Brownsville Dark Sky
Movement

The South Texas Astronomical Society is teaming up with local partners to fight light pollution in Brownsville and save our night sky.  Please help us designate Brownsville a Dark Sky Community by adding your name to the petition below. 

Implementation in Brownsvile

Small Changes can have a huge impact!

Implementing a dark sky ordinance is not going to happen overnight. It would take an organized, continuous, and united  effort to get Brownsville designated as an International Dark Sky Community. If we start now, and begin to incrementally redesign and apply the ordinance, we will see long-term benefits!

Planned dark sky communities use the natural landscape to block out light from other houses and combat light pollution with sparse strategic placement of street lights to achieve optimal road navigation and safe pedestrian sidewalks. 

What is the Dark sky protocol?

Dark sky protocols are outdoor lighting ordinances that enforce “quality of light over quantity”. Their implementation, along with public education and awareness of the benefits of the mindful use and placement of lighting, are how cities achieve the status of an International Dark Sky Community. An International Dark Sky Community is an organized community (such as a city like Brownsville) that demonstrates dedication to the preservation of the night sky through the implementation of a dark sky protocol.

how dark will it get? really dark?

No, on the contrary. Applying a dark sky protocol does not mean Brownsville will be shrouded in darkness or that streetlights and vehicle headlights will no longer be allowed. The target is to incrementally reduce the components of light pollution, including light trespass (lighting where it is neither intended nor needed) and the excessive man-made brightness most cities end up with if not addressed in time. The goal is to keep the light on the ground and out of the sky!

What are the benefits?

  • Support of healthy hormone production, cell function, & brain activity
  • Decrease in mental conditions caused by or related to sleep disorders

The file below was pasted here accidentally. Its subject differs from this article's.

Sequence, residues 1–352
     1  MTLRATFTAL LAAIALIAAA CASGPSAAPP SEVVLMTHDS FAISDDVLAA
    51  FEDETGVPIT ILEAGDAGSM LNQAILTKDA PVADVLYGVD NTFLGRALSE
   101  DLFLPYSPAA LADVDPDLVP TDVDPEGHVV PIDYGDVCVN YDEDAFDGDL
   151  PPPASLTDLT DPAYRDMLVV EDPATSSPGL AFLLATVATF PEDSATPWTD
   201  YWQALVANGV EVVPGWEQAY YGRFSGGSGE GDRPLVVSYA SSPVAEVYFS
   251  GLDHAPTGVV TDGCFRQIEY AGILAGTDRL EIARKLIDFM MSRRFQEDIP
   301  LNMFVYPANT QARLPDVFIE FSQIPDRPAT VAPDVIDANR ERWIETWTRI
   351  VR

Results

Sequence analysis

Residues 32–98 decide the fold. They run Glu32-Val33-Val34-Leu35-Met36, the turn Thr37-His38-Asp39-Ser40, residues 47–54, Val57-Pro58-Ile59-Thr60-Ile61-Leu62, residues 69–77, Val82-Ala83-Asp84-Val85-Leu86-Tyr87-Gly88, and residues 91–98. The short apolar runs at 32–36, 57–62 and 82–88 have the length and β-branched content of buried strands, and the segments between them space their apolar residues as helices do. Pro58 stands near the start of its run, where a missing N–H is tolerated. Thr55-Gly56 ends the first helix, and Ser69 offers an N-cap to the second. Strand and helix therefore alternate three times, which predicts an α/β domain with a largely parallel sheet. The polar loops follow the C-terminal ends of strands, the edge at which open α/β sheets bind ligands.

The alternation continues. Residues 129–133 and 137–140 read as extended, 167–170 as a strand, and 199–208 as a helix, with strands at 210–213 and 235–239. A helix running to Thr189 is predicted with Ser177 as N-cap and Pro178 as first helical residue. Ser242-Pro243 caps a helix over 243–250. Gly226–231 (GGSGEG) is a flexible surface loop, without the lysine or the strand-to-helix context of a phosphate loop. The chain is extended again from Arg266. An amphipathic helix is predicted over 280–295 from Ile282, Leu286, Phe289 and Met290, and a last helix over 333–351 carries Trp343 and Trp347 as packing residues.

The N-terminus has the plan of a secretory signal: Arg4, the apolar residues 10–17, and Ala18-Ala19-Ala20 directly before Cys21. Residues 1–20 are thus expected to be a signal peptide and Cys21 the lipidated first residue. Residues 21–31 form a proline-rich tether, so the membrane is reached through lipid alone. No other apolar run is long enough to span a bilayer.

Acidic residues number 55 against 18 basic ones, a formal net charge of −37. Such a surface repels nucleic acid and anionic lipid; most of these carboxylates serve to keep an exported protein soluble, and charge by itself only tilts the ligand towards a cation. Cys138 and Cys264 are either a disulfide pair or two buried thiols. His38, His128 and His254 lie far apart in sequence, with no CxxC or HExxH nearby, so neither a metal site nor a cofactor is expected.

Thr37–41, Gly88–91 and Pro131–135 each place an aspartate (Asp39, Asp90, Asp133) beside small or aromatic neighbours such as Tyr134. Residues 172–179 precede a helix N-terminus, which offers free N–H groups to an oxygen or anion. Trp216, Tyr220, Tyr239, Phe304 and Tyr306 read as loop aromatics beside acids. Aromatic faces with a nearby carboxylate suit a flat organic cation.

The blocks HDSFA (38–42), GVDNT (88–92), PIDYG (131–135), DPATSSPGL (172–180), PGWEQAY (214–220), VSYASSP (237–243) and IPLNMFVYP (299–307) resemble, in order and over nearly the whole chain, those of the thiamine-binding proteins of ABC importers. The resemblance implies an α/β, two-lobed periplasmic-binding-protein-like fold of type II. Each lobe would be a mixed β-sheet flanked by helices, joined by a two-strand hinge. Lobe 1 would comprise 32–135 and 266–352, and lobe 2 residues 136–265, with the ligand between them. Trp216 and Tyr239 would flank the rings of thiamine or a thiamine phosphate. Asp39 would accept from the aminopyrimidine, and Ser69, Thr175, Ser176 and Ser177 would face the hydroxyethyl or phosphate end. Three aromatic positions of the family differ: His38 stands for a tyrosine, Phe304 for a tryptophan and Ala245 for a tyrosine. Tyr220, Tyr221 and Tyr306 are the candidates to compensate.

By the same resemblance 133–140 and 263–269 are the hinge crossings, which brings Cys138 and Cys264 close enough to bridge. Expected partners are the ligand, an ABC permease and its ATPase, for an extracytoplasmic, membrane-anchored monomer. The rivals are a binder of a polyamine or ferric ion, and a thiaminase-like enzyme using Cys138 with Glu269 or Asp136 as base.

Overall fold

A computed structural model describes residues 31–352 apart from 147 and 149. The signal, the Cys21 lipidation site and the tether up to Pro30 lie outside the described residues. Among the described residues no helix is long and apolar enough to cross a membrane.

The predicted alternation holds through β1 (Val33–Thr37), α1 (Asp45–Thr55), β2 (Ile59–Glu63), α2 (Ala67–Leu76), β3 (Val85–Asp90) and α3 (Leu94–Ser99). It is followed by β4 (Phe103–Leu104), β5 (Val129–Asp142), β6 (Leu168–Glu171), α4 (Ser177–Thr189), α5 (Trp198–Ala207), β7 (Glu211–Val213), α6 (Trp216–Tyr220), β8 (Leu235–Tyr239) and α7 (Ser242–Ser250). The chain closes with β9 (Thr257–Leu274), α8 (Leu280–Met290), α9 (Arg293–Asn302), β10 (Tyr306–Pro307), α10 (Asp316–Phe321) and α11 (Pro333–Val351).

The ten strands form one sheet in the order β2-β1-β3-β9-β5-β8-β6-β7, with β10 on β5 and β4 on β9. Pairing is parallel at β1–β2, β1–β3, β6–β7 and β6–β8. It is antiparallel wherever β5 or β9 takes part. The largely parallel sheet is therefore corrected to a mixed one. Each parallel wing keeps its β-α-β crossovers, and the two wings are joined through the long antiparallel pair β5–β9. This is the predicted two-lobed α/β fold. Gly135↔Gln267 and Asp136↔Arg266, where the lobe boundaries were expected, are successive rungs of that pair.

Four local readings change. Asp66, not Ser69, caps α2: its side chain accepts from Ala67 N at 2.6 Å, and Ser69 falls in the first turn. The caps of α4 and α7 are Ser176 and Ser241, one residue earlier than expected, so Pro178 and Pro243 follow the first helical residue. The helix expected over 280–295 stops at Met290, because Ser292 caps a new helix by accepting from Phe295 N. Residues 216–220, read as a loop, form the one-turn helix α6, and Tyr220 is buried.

• Maintaining normal feeding, mating, & migratory behavior for animals
  • Preserving the natural night sky provides more stargazing opportunitie
  • This results in higher quality of scientific research in the field of astronomy

Negative impact of light Pollution:

  • An increase in energy consumption
  • Disruption of wildlife & ecosystems
  • Interferes with research from astronomical observatories & blocks our view of the stars
  • Adverse health effects — increased anxiety, interruption of circadian rhythms, & more…

feasible solutions:

  • Utilize light sources of minimal intensity
  • Implement shielded & downward-facing streetlights
  • Integrate timers & movement sensors for outdoor lights
  • Install lower pressure sodium lights on the “warmer”/amber end of the spectrum
  • Make incremental changes to the city’s light ordinances to maintain consensus

The big Picture:

Stop looking at your smartphone and look up...

“When one truly steps back and looks at the stars, they are seeing history. They are seeing the stories of ancient cultures through constellations and the light produced by stars millennia before humans were even on this Earth. Humans have always tried to make sense of the stars and of the wonder that comes from them. We have used them for guidance, for explanations, and for research. Stars are intertwined with the history of man. We are on this planet because of one and we are alive because of one. Looking at the stars is more than looking up at night, and it is more than just seeing a few white dots if you truly look.”

-Michelle Bellman

Join the Brownsville Dark Sky Movement!

Join us in making an impact!. Let’s work together on reducing the ever-expanding glow of cities. Unnecessary lighting is also a drain on the economies and environmental wellness of cities. According to data sourced from the U.S. Department of Energy in 2011, 13 percent of residential electricity use in the United States is for outdoor lighting.

DARK SKY RESOURCES

Learn More About the the Dark Sky Ordinance!
According to the U.S. Department of Energy study in 2011, thirteen percent of residential electricity use in the U.S. is for outdoor lighting.
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IDA estimates that thirty percent of all outdoor lighting in the United States is wasted thanks to unshielded light on streets and in parking lots.
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That adds up to $3.3 billion and the release of 21 million tons of CO2 per year. To offset all that, we’d have to plant 875 million trees annually.
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Support our Dark Sky Implementation Partners: